So, basically for this exercise it was basically focused on trying to make a iSCSI session within snapdrive which basically enables you to create a new disk and connecting it to a volume on the data ontap.

Exercise 10


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So for this exercise was the last one I could get screenshots for as due to technical difficulties with accessing the lab the next day it just wouldn’t load or anything so the next two exercises will be without screenshots due to this.

So this exercise basically focused on creating a snapshot of the volume that is being used just in case something happens which they got me to delete a folder to test out this snapshot I created and restored and earlier version of the folder that was deleted by copying over a version from the version history.

It also got me to setup flexclone volume which is basically a cloned volume of the original volume vol1.

Exercise 11 and 12

So for this exercise, this is where I had trouble in terms of getting screenshots the second time doing this so basically, I am going to go over what I basically did in terms of the exercises as they were quick and easy to do so it would be quick to describe.

So for exercise 11 it was about setting up deduplication which this basically is setting up so it checks to see if there is anything the same it will keep one block of that same piece of data and the others will then reference to that block which saves space on the volume and disk which this shows that in terms of the amount that is saved which for me was around 50-65mb of data.

Then there was exercise 12 which was the last exercise for the netapp labs which this one focused on moving one volume from an aggregate to another which this was really easy as you basically adding the aggregate in the resource allocation and then going under the volumes tab then selecting the volume want to move and then clicking the volume move button.

This basically opened a new window in the remote desktop I was using and went step by step on selecting the volume that is being moved, what aggregate is free to support it and lastly the summary page which showed all the new information.

This then got me to double check that the volume move didn’t affect the namespace which it didn’t so this means the same namespace is used for it.

Netapp lab 1

So this blog is going to consist of different exercises from the Netapp lab that I did and is going to show what I learned during this process with screenshots but please note that some of these exercises might not have screenshots as I had to do it a second time to get the screenshots and I ran into lots of problems in terms of connecting to these labs.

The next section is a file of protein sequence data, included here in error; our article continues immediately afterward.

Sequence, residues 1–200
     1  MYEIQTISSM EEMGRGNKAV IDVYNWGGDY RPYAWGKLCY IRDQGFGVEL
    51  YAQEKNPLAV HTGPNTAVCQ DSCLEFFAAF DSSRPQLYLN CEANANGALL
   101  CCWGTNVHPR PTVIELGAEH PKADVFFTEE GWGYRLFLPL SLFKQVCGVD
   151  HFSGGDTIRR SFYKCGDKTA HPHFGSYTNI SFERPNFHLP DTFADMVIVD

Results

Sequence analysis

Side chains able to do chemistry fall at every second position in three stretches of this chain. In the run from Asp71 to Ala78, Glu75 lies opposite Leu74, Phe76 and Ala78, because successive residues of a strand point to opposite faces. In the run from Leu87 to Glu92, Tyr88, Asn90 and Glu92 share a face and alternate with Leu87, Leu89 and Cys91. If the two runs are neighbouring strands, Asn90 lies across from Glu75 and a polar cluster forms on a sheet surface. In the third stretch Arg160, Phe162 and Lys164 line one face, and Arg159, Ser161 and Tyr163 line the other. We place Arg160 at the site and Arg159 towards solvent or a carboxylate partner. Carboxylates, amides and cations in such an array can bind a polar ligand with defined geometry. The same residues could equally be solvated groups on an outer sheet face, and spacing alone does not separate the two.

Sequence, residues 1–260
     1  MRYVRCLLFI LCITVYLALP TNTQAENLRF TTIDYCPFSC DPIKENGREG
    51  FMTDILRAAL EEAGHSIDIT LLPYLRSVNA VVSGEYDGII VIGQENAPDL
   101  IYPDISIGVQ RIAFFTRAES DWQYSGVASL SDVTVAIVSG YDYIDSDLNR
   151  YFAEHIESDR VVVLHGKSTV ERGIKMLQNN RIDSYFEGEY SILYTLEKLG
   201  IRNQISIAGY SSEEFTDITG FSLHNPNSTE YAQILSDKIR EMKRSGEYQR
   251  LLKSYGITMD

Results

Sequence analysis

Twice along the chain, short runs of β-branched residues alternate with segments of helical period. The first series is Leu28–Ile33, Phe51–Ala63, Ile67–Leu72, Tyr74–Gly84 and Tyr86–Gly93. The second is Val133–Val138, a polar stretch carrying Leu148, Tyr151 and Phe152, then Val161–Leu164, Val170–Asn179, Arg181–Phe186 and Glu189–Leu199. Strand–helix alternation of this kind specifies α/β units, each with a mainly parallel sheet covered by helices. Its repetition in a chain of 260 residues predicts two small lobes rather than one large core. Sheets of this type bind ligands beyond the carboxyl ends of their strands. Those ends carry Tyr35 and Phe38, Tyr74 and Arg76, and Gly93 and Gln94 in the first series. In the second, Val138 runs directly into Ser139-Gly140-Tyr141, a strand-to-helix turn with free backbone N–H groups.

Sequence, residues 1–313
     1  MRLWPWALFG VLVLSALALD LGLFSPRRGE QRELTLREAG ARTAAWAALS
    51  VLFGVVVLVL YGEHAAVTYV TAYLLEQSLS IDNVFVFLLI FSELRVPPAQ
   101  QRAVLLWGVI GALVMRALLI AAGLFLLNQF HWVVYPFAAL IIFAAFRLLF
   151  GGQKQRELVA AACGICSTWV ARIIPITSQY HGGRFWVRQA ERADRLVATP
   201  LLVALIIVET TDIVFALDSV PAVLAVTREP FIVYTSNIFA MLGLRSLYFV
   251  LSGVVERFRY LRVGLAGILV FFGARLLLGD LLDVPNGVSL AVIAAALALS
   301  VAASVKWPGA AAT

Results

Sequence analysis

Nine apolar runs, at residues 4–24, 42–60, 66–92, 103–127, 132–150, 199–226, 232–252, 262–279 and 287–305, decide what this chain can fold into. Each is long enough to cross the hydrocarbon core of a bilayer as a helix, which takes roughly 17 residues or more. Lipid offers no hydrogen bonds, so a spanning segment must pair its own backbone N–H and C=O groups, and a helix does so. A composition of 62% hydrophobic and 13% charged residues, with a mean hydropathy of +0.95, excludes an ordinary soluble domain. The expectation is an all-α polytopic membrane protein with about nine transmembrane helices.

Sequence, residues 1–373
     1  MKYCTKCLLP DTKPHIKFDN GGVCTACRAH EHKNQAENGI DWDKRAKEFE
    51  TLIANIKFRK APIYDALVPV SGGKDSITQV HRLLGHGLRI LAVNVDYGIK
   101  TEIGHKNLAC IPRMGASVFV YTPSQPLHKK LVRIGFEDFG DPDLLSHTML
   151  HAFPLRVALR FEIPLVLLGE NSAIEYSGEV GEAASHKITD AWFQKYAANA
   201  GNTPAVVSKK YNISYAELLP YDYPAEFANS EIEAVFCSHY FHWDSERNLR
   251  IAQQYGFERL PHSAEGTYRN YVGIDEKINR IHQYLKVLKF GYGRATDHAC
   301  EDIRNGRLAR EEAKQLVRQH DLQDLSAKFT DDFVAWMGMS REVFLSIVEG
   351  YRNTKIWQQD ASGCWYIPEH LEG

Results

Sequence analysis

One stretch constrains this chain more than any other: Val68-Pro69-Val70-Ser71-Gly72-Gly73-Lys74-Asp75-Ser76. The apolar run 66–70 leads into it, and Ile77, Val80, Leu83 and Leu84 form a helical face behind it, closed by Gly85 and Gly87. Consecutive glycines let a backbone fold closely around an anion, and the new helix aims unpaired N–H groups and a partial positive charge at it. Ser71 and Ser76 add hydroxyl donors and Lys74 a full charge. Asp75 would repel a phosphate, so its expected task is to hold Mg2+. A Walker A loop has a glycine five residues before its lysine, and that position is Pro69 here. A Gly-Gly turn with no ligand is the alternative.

Exercise 2

So for this exercise it got me to focus on getting use to the interface of the vsim so basically the web client and also SSH into the vsim so basically being able to make changes without being in front of the computer. So it basically got me to have a look at the web client to get to know what was basically the layout was and to know where everything was. But it also got me to configure the SNMP which basically lets me able to access the Data Ontap web client as it would come up with SNMP error after leaving the data ontap after this lab.

Exercise 3

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The next exercise basically focused on the hardware and being able to manage the components that are with it.

So first off it got me to look at the information for the disk layout which was under the volume window under nodes this basically gives an idea of what the layout of the disk is.

It then basically got me to check the spare disk to see the information on the disk and to see if it been zeroed as this would mean that it hasn’t been checked that it been used.

It then basically turns it’s focus on to the ports so for this it means what network ports are currently active so for this it has 5 ranging from a to e this is so that different ports have different access capabilities that each group can access.

Lastly, it does the same thing with the disk from the web client on the SSH client so basically, the last two images in the slideshow above are basically showing to see if the disk is zeroed, if it connected to any aggregate and port it is on.

Exercise 4

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So this exercise basically focused actually creating an aggregate and being able to manage it so the first part was actually creating the aggregate that was going to be used which for the name it was just aggr1 this is so that it can be easily identified as you can have any name like aggr1_management as you could have different aggregates for different groups. Which I also had another one that I had to create but this was via the SSH console as you can use that to create an aggregate which honestly I would use the web client as it easy to use and is step by step with examples.